CW Blog

Over the past three years, a team of Cal Poly students have been working to design and build a vehicle to challenge the international land-speed record for a completely solar-powered car. 

Their car is made of carbon fiber composites and features more than 100 ft2 of solar panels. It has no batteries or any other method for storing energy and uses less than 2 kW of solar power. So can it beat the existing 56 mph record for a solar-powered vehicle? The team will make a run at the record this June at US Air Force Plant 42 (Palmdale, CA, US).

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Composite materials and innovations are constantly evolving. In addition to industry news, features, blog posts and podcasts, CW also maintains a comprehensive collection of product announcements provided by companies. This monthly roundup includes links to regular posts concerning the latest products of interest to the composites industry.

This month has seen innovations from Airtech, Analyswift, Arkema, Ashland, Azco, BÜFA Composite Systems, Coastal Enterprises Jetcam, Mahr, Metrology, MultiMechanics, Panacol, Porcher Industries and Techsil. 

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Titan prepares for Titanic expedition

 

CW first reported on OceanGate (Everett, WA, US) a year ago, when we described the design and development of the composites-intensive Cyclops 2 five-person, deep-sea submersible vehicle. Cyclops 2, at the time, was in the final stages of production and eventually would venture down to re-examine the wreckage of the RMS Titanic in the northern Atlantic Ocean.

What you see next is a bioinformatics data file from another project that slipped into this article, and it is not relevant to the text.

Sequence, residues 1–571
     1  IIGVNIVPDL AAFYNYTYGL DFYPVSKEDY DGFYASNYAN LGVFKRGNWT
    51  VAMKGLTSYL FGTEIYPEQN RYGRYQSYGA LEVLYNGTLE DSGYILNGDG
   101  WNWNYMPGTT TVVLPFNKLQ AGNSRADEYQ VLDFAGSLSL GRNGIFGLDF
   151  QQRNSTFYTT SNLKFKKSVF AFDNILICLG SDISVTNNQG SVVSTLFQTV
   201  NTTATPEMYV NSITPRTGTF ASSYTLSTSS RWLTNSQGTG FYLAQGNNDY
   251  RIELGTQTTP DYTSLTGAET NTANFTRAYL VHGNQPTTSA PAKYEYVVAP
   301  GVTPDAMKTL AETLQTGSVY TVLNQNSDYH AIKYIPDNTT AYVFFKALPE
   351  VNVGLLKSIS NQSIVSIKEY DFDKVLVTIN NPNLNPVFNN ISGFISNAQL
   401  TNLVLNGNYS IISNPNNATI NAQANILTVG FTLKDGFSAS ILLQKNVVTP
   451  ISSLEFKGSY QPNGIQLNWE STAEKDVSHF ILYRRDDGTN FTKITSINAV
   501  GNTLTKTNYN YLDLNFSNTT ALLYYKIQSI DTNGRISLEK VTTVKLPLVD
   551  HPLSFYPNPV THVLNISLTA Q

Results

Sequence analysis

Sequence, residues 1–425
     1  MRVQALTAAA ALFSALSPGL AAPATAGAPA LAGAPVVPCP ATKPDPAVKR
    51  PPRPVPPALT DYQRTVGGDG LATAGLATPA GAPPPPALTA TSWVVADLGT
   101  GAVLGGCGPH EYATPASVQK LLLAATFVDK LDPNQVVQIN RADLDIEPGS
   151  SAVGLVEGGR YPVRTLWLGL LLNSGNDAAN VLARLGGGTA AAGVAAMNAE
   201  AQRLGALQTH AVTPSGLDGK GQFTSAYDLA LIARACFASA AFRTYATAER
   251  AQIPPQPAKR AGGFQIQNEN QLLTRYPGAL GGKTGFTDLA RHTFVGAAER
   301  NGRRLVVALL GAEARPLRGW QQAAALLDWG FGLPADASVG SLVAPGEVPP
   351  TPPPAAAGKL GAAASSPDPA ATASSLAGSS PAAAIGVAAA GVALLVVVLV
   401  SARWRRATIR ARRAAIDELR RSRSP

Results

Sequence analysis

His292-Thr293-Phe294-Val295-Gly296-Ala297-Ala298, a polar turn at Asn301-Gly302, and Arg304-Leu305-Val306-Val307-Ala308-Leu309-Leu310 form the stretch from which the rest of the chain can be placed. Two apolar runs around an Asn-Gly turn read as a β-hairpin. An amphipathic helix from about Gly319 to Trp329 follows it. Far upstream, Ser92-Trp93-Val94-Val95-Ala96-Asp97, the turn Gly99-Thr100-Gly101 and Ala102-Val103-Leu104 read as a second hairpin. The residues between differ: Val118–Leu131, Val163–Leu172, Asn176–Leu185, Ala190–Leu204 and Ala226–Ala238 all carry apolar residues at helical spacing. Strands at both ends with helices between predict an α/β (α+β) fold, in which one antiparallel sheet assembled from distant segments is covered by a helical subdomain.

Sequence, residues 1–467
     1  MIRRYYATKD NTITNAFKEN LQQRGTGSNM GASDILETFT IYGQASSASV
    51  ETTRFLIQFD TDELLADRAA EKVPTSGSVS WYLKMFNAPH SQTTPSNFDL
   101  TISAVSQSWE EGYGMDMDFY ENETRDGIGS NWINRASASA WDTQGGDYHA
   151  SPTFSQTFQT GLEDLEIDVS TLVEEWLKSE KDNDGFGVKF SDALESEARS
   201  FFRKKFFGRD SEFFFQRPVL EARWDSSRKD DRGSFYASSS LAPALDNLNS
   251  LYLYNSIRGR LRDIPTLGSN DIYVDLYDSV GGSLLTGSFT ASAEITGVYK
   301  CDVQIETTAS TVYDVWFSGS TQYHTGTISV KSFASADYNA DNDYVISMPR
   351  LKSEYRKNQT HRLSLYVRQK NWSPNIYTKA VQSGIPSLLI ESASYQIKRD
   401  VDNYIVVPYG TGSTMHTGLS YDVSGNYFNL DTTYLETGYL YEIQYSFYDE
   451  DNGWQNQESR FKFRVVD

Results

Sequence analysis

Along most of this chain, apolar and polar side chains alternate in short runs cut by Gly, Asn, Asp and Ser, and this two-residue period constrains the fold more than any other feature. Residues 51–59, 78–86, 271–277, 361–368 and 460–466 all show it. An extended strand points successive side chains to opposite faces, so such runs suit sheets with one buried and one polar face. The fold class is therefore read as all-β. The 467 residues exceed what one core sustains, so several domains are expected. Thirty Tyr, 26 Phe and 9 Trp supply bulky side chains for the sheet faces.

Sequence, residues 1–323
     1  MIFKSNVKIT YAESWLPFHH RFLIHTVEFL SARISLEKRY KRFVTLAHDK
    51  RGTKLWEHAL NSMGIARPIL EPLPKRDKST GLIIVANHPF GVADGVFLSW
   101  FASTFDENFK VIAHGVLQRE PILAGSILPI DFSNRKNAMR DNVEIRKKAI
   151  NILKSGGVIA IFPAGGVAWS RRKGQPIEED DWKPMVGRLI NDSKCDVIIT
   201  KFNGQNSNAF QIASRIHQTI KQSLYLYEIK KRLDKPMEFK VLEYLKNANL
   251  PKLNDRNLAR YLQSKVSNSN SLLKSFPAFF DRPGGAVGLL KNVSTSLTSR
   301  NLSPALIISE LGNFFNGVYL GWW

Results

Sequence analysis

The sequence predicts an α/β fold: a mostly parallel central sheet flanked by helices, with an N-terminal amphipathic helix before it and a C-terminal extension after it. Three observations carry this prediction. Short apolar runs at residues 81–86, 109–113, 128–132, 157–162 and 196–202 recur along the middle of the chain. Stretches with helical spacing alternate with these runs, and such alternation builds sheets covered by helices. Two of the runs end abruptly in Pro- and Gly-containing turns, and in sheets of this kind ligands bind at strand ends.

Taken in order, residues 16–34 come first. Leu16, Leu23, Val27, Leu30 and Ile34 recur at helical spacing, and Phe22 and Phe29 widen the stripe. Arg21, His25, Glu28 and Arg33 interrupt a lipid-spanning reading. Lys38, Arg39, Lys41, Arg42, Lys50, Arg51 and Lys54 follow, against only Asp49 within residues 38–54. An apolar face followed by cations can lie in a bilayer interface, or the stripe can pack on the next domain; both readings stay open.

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Flexible cure prepreg finds use in marine and wind

 

It’s almost time for the 2018 Tour de France — no, not that one with the bicycles, but the Tour de France à la Voile. It’s a coastal sailing race, where competitors sail small trimarans from port to port along the coast of France, from Dunkerque to Nice. It begins on July 6 and ends July 22.

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A new 3D-printed prosthetic leg from TriFusion Devices (College Station, TX, US), a subsidiary of BASF (Florham Park, NJ, US) and Essentium Inc. (College Station, TX, US), features a thermoplastic carbon fiber definitive prosthetic socket that allows for life cycle adjustments without weakening its structure – which isn’t easily accomplished with traditional sockets.

The prosthetic leg is printed with BASF’s Ultramid polyamide reinforced with short carbon fiber. The definitive socket is made with thermoplastic material and allows for small adjustments to ensure a comfortable fit for patients – the socket can be adjusted in 2-3mm increments as needed throughout the prosthetic’s life cycle. The technology allows for a quicker turn around as well as the 3D printing helps streamline the process.

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